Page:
Workers’ fights are our fights – just as they were in days gone by

Scotland has a proud history of industrial struggles. Some won, many lost but all playing a role in the politicization of our land and people. Some were for improvement in working conditions, some for wider struggles and others for the preservation of jobs and even entire industries.

Now once again factories and entire sectors of our economy are threatened. It’s why support for the workforce whether at Ferguson Marine, Grangemouth Refinery or other sites is vital. Their struggle is ours, as much as the Miners strike was 40 years ago and which is rightly being remembered.

These struggles go back centuries not decades. The 1820 Rising was as the great Tom Johnston wrote, in his “History of the Working Classes in Scotland”, a general strike from which it was hoped a revolution might spring. The west of Scotland was almost entirely out as were other areas. It was as much about the rights of working people, as about working conditions.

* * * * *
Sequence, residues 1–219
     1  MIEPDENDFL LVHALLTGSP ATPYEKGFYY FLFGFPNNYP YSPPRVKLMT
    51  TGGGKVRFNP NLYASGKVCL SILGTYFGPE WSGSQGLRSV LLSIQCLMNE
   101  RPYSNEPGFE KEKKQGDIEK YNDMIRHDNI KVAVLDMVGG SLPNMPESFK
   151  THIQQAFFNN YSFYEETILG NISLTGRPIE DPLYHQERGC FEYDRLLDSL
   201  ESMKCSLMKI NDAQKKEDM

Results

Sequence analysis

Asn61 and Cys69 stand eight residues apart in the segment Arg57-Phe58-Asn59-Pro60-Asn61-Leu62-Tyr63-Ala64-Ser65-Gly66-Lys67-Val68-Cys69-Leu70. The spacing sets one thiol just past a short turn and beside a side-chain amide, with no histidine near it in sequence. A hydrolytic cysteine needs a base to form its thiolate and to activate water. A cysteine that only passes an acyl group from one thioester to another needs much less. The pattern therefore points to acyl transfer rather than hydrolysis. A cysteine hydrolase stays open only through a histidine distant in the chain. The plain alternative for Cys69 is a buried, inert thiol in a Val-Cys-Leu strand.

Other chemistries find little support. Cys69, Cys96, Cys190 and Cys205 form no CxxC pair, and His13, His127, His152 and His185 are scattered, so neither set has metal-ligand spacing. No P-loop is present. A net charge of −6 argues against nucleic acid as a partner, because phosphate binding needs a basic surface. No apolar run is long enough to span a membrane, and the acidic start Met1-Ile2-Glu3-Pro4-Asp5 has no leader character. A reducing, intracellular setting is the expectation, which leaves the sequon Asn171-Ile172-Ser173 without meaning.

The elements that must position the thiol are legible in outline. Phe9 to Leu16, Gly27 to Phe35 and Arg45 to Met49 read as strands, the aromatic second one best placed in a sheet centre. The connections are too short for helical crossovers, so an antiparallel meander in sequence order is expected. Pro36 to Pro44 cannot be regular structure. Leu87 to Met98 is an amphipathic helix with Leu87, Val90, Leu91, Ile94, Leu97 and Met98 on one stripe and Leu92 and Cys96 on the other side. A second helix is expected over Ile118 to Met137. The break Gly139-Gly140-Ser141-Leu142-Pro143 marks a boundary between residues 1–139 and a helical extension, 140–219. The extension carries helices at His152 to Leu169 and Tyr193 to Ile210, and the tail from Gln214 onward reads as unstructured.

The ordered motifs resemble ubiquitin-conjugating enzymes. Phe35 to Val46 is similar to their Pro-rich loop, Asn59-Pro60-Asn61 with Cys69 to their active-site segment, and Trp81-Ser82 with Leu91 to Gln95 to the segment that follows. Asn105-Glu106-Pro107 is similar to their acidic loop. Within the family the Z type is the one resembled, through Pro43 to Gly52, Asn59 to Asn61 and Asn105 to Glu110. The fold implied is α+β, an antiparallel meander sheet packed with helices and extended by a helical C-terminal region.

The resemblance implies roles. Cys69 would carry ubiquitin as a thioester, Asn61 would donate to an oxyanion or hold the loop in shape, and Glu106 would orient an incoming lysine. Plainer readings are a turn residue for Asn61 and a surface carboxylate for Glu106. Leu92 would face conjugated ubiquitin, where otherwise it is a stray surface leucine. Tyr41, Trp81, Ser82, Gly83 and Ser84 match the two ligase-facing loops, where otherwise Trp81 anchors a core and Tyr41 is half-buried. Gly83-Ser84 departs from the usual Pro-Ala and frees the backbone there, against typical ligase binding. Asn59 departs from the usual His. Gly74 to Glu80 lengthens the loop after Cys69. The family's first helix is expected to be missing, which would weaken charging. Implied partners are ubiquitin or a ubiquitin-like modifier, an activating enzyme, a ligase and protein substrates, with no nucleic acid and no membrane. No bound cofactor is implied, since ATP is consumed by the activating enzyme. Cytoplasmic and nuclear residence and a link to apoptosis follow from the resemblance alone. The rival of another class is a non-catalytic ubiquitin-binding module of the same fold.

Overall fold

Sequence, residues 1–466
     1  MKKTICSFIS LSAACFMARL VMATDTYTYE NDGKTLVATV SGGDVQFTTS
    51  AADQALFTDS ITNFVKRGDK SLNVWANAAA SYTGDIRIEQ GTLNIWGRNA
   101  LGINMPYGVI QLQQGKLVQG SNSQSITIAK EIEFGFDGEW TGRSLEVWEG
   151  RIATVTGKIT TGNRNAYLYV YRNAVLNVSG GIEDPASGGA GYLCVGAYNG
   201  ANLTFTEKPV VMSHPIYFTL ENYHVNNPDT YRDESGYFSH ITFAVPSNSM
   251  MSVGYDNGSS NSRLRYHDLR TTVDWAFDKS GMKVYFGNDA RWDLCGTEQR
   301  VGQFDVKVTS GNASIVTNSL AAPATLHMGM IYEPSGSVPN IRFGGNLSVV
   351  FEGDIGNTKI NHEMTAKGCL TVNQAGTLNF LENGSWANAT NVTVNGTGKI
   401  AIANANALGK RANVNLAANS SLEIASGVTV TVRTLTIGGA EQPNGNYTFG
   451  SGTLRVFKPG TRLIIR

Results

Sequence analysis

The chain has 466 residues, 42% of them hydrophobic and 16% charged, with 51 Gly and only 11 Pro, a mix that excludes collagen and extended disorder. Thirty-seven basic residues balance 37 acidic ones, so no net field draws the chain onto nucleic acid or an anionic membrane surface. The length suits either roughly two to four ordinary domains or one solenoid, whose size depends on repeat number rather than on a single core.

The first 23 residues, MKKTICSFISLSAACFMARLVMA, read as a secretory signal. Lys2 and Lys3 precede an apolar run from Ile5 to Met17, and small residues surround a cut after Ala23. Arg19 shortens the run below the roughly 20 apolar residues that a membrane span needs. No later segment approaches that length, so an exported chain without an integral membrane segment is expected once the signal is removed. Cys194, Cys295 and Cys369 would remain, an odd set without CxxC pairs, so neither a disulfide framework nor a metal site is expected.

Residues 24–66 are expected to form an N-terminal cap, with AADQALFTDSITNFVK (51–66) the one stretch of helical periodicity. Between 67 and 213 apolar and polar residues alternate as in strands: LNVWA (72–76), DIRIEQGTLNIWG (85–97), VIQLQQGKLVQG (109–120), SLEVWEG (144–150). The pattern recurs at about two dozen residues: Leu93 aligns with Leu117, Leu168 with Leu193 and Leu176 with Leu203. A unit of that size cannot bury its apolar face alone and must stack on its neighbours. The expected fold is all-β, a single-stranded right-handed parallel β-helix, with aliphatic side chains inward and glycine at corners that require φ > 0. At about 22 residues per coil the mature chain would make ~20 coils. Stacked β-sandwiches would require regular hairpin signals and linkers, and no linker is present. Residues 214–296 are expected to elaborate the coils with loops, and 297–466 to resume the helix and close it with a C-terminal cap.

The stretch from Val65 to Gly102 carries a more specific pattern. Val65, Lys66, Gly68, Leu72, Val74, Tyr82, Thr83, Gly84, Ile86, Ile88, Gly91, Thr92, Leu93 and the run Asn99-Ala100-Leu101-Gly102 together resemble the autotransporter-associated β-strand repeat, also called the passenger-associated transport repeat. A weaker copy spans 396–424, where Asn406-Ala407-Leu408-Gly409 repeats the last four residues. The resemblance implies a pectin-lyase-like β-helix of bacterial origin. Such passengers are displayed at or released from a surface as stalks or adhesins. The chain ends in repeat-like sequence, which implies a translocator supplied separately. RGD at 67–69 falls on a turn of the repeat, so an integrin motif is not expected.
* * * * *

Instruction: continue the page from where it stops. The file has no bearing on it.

In 1919 Red Clydeside saw the yards and factories shut down with troops and even tanks brought into Glasgow. That was a strike for a 42-hour week. As demobilization was occurring following the end of World War 1, unemployment beckoned for many. Reducing the hours worked increased the jobs available. This wasn’t about conditions of employment but avoiding the immiseration of mass unemployment.